Recent events in the public markets relating to Salmon RAS have many asking if this is the beginning of the end for interest by investors in this sector. Steve Atkinson, founder of Taste of BC Aquafarms, North America’s oldest Salmon RAS says emphatically “no.”
Taste of BC was recently purchased by Blue Star Foods is currently listed on the OTC Markets and will soon be up listed to the NASDAQ. The company has plans to expand and are confident investors will see value investing in their company.
Atkinson feels that the problem is not with Salmon RAS, rather the problem is more like the burst of the Tech Bubble of decades ago.
“Investors in some of the current projects which are now facing troubles are facing a similar reality that the tech industry faced in its early days. Enthusiasm was stirred by lofty pronouncements and big dreams that simply so far are not panning out.”
Atkinson says in a press release that “Patience for some of those may be running out, but the problem is not salmon RAS, the problem is poorly executed business plans. This is an industry in its infancy and to think one can, in one fell swoop, dominate production overnight in my opinion is a mistake. Sure, it is sexy and garners headlines, but how realistic are the goals.”
Atkinson recalls the question of probability of success of the Miami project being asked at an Aquaculture Innovation Workshop in fall of 2018. Probability was pegged at between 25 and 35 Percent. That percentage has gradually been amended upward, “not on performance but on promise,” says Atkinson.
“Just looking at the financial statement of the Miami project obvious shortcomings become clear. It is not an industry problem, rather it is a company problem,” Atkinson reflects.
He says “a common mistake business make, large or small, is trying to run before they learn to walk. Here we see a company that has overhead the size of their dream, not the size of their operation. The financial statement shows 187 people on the payroll. A search of LinkedIn shows some 90 people in the organization with the title “manager.” Operating losses in the last six months are more than five times revenue. The prototype or proof of concept, in Denmark, has simply not yet figured out the technological uncertainties of growing salmon in their system, yet the operation is already in it’s second phase of commercial rollout. Is there any wonder investors are getting antsy?”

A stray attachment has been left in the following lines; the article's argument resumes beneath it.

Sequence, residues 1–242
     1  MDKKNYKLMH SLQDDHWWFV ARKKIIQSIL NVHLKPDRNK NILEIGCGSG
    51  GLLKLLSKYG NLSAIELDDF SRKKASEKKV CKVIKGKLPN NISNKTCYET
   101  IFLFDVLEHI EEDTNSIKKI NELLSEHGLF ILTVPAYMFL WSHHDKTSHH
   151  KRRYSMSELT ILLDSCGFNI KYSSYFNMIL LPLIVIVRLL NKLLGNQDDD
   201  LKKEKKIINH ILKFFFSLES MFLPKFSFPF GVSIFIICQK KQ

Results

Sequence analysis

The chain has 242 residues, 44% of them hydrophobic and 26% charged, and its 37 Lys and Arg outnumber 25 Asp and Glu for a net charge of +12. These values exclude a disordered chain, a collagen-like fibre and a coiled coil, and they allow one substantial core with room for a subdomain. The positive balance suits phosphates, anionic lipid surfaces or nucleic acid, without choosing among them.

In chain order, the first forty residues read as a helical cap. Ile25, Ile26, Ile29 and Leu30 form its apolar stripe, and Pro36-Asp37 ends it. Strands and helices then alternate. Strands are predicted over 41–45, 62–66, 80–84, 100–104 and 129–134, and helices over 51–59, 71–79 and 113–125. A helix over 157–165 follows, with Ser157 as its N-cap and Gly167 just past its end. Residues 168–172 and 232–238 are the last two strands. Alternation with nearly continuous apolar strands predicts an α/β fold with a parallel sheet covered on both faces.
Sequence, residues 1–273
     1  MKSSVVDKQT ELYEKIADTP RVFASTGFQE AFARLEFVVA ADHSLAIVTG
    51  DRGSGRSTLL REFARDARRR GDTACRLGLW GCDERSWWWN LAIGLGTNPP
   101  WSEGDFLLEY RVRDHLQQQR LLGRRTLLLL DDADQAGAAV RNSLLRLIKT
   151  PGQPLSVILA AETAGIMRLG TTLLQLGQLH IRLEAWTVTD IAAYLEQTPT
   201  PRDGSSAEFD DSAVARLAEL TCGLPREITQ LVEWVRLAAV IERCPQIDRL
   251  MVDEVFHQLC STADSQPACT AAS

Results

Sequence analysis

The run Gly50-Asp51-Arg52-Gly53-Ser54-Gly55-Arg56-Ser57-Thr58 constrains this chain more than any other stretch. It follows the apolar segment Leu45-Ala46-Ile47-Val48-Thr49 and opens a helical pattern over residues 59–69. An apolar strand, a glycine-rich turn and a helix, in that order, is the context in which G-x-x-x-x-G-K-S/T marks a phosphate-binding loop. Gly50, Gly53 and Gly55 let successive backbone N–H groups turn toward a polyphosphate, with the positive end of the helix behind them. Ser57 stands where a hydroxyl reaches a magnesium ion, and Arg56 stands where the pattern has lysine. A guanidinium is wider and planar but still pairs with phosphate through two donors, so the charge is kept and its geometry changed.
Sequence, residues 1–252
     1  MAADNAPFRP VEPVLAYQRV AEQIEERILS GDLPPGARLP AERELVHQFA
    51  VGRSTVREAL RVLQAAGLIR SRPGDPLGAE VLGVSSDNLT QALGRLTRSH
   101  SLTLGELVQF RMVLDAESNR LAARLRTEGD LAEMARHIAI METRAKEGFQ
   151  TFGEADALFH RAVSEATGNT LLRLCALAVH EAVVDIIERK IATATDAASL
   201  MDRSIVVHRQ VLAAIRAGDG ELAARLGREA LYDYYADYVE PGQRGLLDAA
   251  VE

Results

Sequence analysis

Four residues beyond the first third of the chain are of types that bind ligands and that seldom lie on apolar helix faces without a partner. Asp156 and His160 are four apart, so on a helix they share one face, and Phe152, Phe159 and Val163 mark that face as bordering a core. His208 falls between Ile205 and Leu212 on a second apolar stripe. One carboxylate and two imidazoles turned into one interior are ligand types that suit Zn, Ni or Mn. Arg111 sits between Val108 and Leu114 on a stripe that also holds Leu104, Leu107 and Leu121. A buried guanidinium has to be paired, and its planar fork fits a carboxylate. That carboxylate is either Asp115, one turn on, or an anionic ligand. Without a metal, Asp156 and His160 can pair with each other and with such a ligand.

“The company is making some progress, but the financial hole they are putting themselves in will be very difficult to overcome. If everything was running fine and production was in line they would have to sell a more than one billion dollars’ worth of fish just to recover losses up to now, and we all know things are not yet at that stage, losses are still building and will for the foreseeable future.”
Eric Heim, CEO of Nordic Aquafarms, shares the perspective. He writes: “An unfortunate event again in Florida. It underscores the importance of investors looking under the hood of any land based operation they are considering. There can be significant differences tied to technology, location, capabilities, and diligence that speak to risk. Land based is no uniform standard across projects as some tend to portray it. While I wish all RAS developers the best, Nordic has laid low for a while de-risking with a track-record of zero mass mortality events across our operations.”
He goes on “rushing projects too fast or cutting corners to save money increases risk – and the downside is large with too fast scaling. But in the end you need the right total package. That is not an off-the-shelf commodity, and most developments will have some bumps along the way.”
“No one is writing off the Miami project just yet. Everyone in the industry recognizes that no one benefits from their failure.”
However, Atkinson says “investors simply need to look at basic business fundamentals. They can’t be blinded by glossy presentations and big pronouncements. salmon RAS has a great future. The market for salmon is growing exponentially worldwide and RAS is one of the most sustainable production methods. Some smaller-scale operations such as ours have successfully proved pilots and demonstrated a route to profitability in the short term. Prudent expansion will see predictable growth and investors will be rewarded all they need to do as look for those who are actually growing fish!”
SalmonBusiness has contacted Atlantic Sapphire CEO Johan E. Andreassen for a comment.